Pandemic pets, I’m sure we’ve all heard this term in the past year. It’s a term that has been used to describe pets that were adopted during the pandemic while people were having to spend more time at home. Pet ownership surged during the height of the pandemic. Rescues and shelters all reported higher than average pet adoptions. According to PetfoodIndustry.com, pet ownership in US households rose to 70%.
In the past few years, the pet industry has reported a steady rise as people started spending more on their pets. I admit, I am one of those people. My dog Beauty is definitely spoiled. So, is it any surprise that in a world full of pet lovers, who now found themselves home more, that pet adoptions rose??
With people starting to return to the office though, what becomes of all these pandemic pets? Many people were home most of the day with their pets, rarely leaving their side. Now they have to return to the office, leaving pets home that aren’t used to it, potentially dealing with issues like separation anxiety, both in the pet and their fellow human counterparts. After spending all that time with their pets, spending months upon months bonding with each other, many owners are now worried about their pets and what returning to work could mean for them. As a result, more owners are starting to take their pets into consideration when looking at going back to work.
A couple of months ago we mentioned in Lessons Learned In This New Hybrid Online World how the majority of people don’t want to return to the office full-time. It has been found that this is especially true for pet owners. In an article from Time, a survey conducted of dog owners showed that 67% said they would look for a different job if their job no longer offered remote work, 78% said they would stay if they could bring their pets to work. This same article discusses another survey done by Banfield Pet Hospital that shows that a third of millenials and nearly half of Gen Z’ers would actually rather quit their job than be forced to leave their pets at home alone full-time.
As our economy finally starts to recover, we’ve all probably heard of the labor shortage and how employees have more bargaining power right now than they have in recent years. Did you know that one of the top worker demands are more pet friendly policies? Many workers want to be able to bring their pets to work, or at least be able to work from home more. As a dog owner and fellow pet lover, I can totally get behind this movement. Beauty will be 8 in February. I got her from a rescue in 2014, so well before the pandemic. She’s quite used to me working outside the home at this point, but she’s also a big mama’s girl so I have no doubt if I could take her to work with me she would be happy as can be.
It’s been well proven that pets help us in so many ways. From our mental health to our physical health. It’s been shown that pets can help our overall mood and increase our productivity. So why haven’t more companies implemented pet friendly policies?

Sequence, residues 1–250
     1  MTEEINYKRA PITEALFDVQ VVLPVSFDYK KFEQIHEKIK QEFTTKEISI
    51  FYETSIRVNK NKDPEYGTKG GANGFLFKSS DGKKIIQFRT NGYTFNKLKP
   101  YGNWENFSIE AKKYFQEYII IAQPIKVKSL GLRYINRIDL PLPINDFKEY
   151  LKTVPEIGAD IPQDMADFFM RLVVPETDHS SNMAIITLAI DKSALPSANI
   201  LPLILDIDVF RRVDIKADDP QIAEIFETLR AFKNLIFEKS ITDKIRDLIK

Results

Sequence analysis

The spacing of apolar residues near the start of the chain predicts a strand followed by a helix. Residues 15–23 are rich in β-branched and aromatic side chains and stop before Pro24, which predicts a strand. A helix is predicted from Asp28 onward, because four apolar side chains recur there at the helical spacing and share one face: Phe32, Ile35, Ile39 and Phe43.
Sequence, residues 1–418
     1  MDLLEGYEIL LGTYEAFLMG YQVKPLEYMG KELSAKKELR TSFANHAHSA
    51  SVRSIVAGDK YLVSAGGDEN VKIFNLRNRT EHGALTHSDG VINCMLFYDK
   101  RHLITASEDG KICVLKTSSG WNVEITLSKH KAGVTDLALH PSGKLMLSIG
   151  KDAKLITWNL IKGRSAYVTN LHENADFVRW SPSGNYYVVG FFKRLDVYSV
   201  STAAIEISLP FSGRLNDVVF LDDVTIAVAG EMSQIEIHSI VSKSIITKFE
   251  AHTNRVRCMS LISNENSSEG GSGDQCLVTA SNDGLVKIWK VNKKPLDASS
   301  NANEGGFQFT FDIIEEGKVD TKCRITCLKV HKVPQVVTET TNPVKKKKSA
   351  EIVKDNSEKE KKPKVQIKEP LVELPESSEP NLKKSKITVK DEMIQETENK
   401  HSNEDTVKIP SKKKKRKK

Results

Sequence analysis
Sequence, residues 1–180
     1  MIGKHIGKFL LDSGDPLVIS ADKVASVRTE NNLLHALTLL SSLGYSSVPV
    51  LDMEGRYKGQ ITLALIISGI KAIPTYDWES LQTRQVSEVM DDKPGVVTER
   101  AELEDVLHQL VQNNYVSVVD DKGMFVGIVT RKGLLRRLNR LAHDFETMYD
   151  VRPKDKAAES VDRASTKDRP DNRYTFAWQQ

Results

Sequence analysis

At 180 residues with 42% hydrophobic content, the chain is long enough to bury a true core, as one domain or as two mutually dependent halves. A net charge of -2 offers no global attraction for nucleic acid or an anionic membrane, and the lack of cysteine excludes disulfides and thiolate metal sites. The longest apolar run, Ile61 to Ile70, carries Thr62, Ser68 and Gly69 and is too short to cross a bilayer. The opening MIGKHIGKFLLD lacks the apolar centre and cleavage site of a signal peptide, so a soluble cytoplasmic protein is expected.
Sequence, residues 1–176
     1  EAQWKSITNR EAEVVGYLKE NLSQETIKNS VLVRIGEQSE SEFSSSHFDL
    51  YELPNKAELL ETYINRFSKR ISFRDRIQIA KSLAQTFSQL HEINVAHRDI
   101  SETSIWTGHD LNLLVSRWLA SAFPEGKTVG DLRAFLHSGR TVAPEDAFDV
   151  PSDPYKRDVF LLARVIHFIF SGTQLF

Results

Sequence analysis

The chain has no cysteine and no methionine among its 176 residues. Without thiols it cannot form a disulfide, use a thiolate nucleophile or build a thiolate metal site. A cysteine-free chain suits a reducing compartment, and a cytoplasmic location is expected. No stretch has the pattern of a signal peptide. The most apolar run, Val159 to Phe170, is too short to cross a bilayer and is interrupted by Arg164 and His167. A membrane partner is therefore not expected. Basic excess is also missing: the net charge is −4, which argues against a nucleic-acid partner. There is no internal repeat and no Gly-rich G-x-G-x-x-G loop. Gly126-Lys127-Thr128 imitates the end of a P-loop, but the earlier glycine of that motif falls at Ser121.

The biggest reasons are insurance and liability issues. What happens if your dog bites another dog or maybe a human co-worker? This can be costly and potentially not worth the risk for some employers. Then there are your other coworkers. What if your co-worker is allergic to your pet? I know I’m allergic to cats, so I’ll never own one. I admit though, despite being allergic, I still pet them because they are cute and I just want to give them some love. The sneezing and itchy eyes are totally worth it to me, but that’s me. Other people may not feel the same if they are allergic. Plus, I’m just mildly allergic, so pop a Benadryl and I’ll be fine, but some people have severe allergies to pets. I knew someone once who was deathly allergic to cats and I also knew someone who would break out if they came into contact with a dog. Everyone is different and it can prove to be a liability for employers.
Those are the 2 big reasons, but then you also have people who maybe have a fear of cats or dogs for one reason or another. Or maybe they get too easily distracted by pets. Maybe pets annoy them. Or there are people out there who just don’t like pets in general. Why I don’t know. I mean dogs and cats are adorable, how can you not want to pet one??
Despite some of the reasons pet friendly workplaces aren’t ideal, the number of pet friendly places has been slowly increasing. The pet industry was already a billion-dollar industry pre-pandemic. We, as pet owners, were spending considerable amounts of money on our pets before the pandemic, during the pandemic, and we will be still well into the future. What the pandemic did was shine a light on this fact and made more businesses take notice. With changing office structures, more employee bargaining power, and pet owner’s deepening bond with their pets, change is on the horizon for more pet friendly policies and inclusion in the workplace.
As I typed this blog, Beauty laid curled up next to me on the couch, a smile on her face, pretty content. I have no doubt that if I worked in an office, she would be very happy and all about going with me to work, probably curling up under my desk.
Check out some of our other spark team member’s office companions:
Naomi’s office companion Polliwog
Tammy’s office companion Jazz
Christa’s office companion Stella